My Life

The Girl On The Ledge

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I usually write an introduction for posts like this, but I feel like this one says it all, so…see ya’!

*shrugs and runs away*

 


 

The Girl On The Ledge

*******

I met the girl on the ledge one day.

She cried and cried as she said, “I need you to want me. I cannot stay if you do not want me.”

I said, “I thought wanting was bad, and so I didn’t want you.”

Later, we sat together on the bridge, huddled close in the cold night air.

I asked her as we looked up at the stars, “Why do you keep coming back?”

She didn’t have an answer.

And so I ask again, “Why are you here?”

“When I was little, I was fun,” she begins. “That’s what my mom said. ‘So much fun.’ I just keep wondering when that went away. When did I stop having fun and start wanting to escape?

“I thought it was recent, but then I remembered how I would threaten to run away as a kid. It was always because I thought I wasn’t wanted.

“There was this one time I was dancing around my room—I think my mom was blasting Madonna in the living room. My brother walked in and laughed at me for dancing. He just thought it was funny, but I was mortified. And so I believed that dancing wasn’t safe anymore, and I stopped.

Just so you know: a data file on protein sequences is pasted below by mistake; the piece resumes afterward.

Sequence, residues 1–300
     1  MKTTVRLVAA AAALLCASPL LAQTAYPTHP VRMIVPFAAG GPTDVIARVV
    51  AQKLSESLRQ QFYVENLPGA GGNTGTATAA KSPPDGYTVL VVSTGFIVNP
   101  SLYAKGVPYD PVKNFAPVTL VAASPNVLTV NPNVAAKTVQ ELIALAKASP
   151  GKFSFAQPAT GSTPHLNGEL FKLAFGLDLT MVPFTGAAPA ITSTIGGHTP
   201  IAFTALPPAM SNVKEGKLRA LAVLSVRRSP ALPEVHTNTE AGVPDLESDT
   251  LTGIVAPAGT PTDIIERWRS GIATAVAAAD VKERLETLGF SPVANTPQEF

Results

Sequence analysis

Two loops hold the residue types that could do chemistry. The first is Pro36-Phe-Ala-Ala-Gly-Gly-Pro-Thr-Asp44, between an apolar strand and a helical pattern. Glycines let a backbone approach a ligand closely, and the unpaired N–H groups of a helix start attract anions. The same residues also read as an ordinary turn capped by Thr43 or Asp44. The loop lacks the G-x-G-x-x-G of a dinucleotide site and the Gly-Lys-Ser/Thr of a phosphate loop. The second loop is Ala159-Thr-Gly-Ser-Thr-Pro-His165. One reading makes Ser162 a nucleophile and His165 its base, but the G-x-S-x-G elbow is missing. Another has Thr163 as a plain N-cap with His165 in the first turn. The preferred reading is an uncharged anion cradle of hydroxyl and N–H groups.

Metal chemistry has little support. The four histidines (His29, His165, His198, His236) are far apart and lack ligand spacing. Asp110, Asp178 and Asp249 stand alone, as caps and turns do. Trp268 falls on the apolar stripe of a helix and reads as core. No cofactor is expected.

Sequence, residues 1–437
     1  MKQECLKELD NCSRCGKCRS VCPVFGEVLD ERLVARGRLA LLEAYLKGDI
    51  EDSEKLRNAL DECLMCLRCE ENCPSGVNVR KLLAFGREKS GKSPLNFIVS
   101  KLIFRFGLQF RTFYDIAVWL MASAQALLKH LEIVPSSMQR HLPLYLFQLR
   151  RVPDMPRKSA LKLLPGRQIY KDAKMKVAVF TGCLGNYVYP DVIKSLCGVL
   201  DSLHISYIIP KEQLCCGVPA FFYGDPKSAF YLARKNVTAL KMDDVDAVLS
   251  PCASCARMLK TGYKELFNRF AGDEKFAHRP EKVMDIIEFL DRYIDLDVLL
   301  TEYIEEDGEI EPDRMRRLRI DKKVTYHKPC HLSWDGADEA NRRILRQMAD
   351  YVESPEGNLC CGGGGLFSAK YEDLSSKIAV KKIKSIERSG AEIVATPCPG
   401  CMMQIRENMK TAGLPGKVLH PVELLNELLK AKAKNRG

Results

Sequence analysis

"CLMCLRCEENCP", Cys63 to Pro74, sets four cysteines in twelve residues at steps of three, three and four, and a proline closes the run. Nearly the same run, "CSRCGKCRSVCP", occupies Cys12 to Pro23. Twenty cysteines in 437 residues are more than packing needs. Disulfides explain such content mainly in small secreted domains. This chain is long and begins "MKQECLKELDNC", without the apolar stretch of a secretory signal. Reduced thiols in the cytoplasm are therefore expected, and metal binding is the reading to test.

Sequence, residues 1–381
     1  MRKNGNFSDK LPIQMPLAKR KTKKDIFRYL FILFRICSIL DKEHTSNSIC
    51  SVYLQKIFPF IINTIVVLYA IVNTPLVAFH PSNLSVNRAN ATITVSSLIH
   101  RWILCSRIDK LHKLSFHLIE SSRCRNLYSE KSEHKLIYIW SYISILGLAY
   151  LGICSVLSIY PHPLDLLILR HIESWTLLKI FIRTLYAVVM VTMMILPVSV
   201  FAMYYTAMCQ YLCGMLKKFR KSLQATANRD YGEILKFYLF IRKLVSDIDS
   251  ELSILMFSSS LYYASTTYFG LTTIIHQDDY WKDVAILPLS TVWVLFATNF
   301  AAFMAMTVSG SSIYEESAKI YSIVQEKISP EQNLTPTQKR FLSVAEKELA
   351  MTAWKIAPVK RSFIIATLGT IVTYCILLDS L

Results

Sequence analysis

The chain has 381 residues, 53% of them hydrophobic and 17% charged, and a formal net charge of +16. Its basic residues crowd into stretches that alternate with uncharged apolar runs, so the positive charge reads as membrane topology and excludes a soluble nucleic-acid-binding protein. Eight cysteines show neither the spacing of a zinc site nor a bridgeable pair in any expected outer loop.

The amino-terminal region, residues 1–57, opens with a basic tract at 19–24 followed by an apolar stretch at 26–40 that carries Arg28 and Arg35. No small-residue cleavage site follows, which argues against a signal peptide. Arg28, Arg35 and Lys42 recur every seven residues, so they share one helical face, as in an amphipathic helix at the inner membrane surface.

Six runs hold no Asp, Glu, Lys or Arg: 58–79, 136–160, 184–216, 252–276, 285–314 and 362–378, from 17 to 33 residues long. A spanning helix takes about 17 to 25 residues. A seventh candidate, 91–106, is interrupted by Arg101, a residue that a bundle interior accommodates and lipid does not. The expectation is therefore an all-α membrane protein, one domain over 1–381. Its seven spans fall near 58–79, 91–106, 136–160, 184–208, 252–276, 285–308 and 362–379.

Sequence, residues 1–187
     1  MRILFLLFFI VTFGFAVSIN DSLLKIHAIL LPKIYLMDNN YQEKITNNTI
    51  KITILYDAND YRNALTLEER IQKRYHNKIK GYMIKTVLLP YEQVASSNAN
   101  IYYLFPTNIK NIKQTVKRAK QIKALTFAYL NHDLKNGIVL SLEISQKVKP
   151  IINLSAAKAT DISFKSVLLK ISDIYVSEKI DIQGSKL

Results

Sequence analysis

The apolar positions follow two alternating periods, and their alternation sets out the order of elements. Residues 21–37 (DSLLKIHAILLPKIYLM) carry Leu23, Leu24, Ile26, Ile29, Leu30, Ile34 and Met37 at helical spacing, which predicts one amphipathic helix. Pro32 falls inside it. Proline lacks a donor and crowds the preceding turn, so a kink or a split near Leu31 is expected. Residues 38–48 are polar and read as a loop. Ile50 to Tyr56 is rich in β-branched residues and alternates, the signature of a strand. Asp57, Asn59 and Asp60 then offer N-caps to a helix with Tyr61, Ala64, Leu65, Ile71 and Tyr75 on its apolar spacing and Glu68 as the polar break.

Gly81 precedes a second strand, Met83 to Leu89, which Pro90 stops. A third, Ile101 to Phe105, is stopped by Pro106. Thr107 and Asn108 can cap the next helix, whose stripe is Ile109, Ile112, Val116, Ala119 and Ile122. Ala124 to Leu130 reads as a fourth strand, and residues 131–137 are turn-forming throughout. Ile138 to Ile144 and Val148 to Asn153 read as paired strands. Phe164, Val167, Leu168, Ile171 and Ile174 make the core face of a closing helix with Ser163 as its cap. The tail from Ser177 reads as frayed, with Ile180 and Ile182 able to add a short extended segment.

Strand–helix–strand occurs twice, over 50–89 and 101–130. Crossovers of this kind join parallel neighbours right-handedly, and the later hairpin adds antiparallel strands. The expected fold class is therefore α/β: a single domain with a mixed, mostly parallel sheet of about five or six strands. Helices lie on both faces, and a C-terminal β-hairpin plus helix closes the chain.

“Then somehow I came to believe that my thighs were too fat, that my stomach should be flat, that my face was too chubby. I believed it and I became so ashamed. Just one more part of myself to hide away.

“I’ve always had an active imagination. As I got older, I began to imagine new things. But that was bad bad bad bad bad, so I shut myself off. No more wanting.

“Somewhere along the way, things turned red. A downpour of blood filling my nostrils, suffocating me, choking me, silencing me. That’s when I learned never to say a word, to always be okay, no matter how much it hurts. I told myself that’s what I had to do, because I didn’t want anyone worrying about me.

“I had this closet in my room at my old house. I used to hide in there when I was sad or upset. It’s been about five years since we moved, but I still feel like I’ve been hiding away in that tiny, dark space.

“Things have just kept getting darker on the inside. Closing in, telling me I’ll never see the sun again, not for real. I’ve seen glimpses.

“And all the while, everyone thinks I’m okay. Everyone thinks I know what I want, that they know what I want. They see all this goodness in me, when all I see is a prison cell.

“I don’t want to go, but I don’t know how to stay, not when it hurts this bad. So I come here. I climb up on the ledge. I stare down at the darkness of the water, and I wonder.

“I wonder if I will ever be grateful for this breath in my lungs—I’m trying so hard to be. I wonder if I will ever feel fully alive, not just a shell of a being.

“He told me all I had to do was stay and not go, but the world seems to be asking for so much more.

“I know you worry about me, because I keep coming back. I worry, too. But here you are. Sitting with me, listening. And if I climbed up on that ledge again right now, you would talk me back down.

“There’s a whole lot of things I would like to have. But for now, this is all I’m asking for. For you to simply be with me.”

So here I sit, on the bridge with the most beautiful girl. So here I will stay, because that is all she has ever wanted.


 

If you are struggling with depression or suicidal thoughts, here is a list of mental health hotlines.

And please, now matter how much it hurts,  just stay and don’t go. ❤

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